I believe Obama will be the next president and the fact that we will have a black man as president is a thrill and very exciting to watch. Any time we are standing the midst of history being made, both good and bad, I think it is a wonderful thing. In times of bad (see September 11th) I can only hope we learn and in times of good (See the Berlin Wall falling) I can only hope we can repeat.
I truly hope that when Obama wins he governs from the center, like Bill Clinton and Regan did rather than from the fringe like G.W. and Carter did.

PIPER said...


Thanks for your comments.

It's wrong of me, and I didn't mean to imply that if you're against Obama, you're against the fact that he's black. That would be as narrow-minded as the people I'm writing about.

It's refreshing to hear you speak of issues. What has kept leaning more democratic has been strictly social issues. In truth I'm much more conservative fiscally, but that seems to be the flavor these days.

I, like you, do worry about a Democratic President and Senate. We need those checks and balances and the pendulum will swing back as it always does.

Thanks again for your comments.

Moviezzz said...

"What scares me more than his policies, however, is that fact that if the Senate becomes "fillabuster proof" with 60 in the Senate, the brilliance of our checks and balance system are out the door."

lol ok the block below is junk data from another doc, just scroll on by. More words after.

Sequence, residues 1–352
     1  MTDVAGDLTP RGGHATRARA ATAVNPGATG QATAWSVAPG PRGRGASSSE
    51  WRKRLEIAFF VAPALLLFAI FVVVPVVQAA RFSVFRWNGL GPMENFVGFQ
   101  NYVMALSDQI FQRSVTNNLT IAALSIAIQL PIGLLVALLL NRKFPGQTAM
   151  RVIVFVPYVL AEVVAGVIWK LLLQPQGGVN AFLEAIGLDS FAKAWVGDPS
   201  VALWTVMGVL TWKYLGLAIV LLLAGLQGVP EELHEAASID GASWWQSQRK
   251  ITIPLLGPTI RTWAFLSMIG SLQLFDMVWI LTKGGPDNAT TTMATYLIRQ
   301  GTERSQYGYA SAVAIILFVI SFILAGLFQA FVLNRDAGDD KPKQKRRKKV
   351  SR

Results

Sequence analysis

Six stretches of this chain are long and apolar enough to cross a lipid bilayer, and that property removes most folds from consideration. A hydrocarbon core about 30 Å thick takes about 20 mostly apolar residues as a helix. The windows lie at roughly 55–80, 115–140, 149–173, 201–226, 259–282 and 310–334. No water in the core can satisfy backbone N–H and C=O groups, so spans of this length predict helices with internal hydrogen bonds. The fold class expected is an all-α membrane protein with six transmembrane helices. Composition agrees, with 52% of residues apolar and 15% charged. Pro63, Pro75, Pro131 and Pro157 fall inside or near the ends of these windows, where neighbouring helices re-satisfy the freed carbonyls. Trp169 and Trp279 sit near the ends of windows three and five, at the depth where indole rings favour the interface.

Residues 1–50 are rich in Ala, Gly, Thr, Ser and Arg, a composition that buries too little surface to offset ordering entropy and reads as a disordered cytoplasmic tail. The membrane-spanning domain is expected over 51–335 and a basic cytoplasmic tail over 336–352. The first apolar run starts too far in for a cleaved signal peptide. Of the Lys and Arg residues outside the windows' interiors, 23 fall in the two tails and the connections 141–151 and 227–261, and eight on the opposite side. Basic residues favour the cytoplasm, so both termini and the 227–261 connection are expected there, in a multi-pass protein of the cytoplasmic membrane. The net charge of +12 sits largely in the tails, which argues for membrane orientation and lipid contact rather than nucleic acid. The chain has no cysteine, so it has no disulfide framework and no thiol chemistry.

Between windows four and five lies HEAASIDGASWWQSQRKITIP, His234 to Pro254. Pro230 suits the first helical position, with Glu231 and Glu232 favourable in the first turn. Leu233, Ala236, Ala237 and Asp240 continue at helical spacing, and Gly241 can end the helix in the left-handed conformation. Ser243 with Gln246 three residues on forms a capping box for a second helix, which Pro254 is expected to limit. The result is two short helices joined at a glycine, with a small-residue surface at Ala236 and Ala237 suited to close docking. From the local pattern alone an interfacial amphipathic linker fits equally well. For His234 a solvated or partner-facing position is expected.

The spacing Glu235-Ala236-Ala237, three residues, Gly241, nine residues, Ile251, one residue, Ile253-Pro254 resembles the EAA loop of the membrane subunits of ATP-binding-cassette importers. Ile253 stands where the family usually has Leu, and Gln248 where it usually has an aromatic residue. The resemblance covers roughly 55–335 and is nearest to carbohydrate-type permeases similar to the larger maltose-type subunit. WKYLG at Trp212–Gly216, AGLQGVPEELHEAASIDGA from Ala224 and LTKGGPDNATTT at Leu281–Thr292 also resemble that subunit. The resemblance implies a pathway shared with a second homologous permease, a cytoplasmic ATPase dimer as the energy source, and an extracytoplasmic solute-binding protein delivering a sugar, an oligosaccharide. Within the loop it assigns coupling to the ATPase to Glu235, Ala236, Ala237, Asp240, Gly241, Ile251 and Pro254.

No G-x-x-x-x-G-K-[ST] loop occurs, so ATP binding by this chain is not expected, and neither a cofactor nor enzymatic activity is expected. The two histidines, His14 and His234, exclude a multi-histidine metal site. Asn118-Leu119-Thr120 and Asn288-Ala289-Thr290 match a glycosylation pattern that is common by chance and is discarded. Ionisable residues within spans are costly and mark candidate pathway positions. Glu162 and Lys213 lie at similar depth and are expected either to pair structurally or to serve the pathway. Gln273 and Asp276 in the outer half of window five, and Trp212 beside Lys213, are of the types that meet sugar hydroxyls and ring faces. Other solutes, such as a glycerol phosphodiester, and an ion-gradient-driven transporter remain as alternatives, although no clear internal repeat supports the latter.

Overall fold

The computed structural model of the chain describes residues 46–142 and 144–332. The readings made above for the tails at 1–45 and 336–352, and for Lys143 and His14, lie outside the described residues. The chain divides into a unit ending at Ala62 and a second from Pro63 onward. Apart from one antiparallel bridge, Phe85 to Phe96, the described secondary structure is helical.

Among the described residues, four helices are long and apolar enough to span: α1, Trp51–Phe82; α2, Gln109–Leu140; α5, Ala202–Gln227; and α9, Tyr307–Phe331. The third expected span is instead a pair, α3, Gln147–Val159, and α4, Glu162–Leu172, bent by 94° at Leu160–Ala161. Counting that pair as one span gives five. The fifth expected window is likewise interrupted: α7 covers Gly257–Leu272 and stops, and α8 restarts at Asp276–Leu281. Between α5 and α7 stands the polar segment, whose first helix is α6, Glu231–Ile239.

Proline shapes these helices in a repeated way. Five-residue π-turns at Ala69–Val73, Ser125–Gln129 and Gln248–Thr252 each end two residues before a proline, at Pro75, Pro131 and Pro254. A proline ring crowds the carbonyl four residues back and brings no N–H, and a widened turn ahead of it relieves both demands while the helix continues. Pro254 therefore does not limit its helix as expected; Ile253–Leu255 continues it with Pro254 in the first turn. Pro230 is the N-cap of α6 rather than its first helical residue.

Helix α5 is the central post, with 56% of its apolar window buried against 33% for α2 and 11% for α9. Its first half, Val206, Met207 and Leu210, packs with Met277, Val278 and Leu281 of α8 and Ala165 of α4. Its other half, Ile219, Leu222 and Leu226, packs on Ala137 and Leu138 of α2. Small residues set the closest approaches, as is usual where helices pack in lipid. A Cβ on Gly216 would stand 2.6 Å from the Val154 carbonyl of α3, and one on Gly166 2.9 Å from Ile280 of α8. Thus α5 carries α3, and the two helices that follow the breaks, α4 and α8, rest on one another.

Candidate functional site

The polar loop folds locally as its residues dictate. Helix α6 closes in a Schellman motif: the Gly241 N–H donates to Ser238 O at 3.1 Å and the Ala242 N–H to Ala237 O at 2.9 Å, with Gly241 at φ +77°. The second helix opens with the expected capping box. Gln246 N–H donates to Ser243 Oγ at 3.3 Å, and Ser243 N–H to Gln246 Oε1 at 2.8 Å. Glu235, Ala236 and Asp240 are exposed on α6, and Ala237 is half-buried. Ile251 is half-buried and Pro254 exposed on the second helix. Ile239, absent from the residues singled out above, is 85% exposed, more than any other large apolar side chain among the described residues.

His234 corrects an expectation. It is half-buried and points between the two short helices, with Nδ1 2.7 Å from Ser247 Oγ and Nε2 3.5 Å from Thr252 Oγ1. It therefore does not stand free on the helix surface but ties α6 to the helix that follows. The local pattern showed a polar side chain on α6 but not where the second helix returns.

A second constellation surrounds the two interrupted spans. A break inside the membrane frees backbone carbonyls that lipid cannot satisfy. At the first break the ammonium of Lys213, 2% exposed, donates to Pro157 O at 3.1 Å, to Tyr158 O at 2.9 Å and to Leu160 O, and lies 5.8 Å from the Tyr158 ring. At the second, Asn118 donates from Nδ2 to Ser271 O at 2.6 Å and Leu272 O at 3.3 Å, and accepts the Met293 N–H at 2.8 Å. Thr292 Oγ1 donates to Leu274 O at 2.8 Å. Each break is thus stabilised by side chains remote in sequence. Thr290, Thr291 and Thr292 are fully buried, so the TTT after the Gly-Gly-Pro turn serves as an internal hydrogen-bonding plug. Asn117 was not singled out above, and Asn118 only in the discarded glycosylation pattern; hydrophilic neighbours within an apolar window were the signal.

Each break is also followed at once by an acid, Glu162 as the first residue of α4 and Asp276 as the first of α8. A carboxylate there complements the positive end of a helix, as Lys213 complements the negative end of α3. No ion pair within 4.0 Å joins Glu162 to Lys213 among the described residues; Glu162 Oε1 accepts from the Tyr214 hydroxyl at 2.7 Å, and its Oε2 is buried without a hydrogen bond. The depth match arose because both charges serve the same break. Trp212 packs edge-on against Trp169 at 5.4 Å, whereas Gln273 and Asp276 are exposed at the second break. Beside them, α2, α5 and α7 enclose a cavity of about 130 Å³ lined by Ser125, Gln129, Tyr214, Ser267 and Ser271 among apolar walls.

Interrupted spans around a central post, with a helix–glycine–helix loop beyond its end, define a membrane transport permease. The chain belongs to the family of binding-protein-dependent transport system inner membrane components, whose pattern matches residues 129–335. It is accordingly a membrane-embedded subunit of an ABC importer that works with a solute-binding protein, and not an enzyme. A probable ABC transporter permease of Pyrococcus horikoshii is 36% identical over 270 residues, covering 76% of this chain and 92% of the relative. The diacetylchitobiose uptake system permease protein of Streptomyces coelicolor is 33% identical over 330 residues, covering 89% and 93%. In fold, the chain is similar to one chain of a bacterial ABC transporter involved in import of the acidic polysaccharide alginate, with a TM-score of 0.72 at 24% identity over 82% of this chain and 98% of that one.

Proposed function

If that does become a reality, and if they do overreach, that would be GREAT for the Republicans. You could vote them all out, and the tide would turn once again.

The problem with the current system is that Congress doesn't do anything, they are so gridlocked. Nothing gets done.

I'd rather see one party in control, and finally try to do something with health care, and Medicare reform, rather than just talking about it.

If they do the wrong thing, the Republicans can elect Sarah Palin in 2012.

And unlike what Fox News wants you to believe, Obama IS a moderate. He was the most moderate of all the Democratic candidates. The poll that said he was the "most liberal Senator in the Senate" was, essentially, a joke because there was only a one vote difference between him and Hillary (about a very non partisan issue).

PIPER said...


If I didn't know my friend to be a very good man, it would be easy to dismiss him. He's 90 years old (not that that should really matter) but he's pretty damn set in his ways. What disturbed me is that he really wasn't concerned with the fact that he was wrong on Obama being a Muslim.

Paul Arrand Rodgers said...


Welcome to the political blogging party. Your post is more serious than many of mine have been, and I feel the need to applaud you.

I'm 20, and this is my 1st time voting. I've never felt more American than at this particular juncture.

PIPER said...


Thanks for the comment. Glad you're voting. And thanks to Acorn, you can vote as much as you like.

I kid, I kid.

Ray said...

LOL ... I love you, Piper ... LOL ...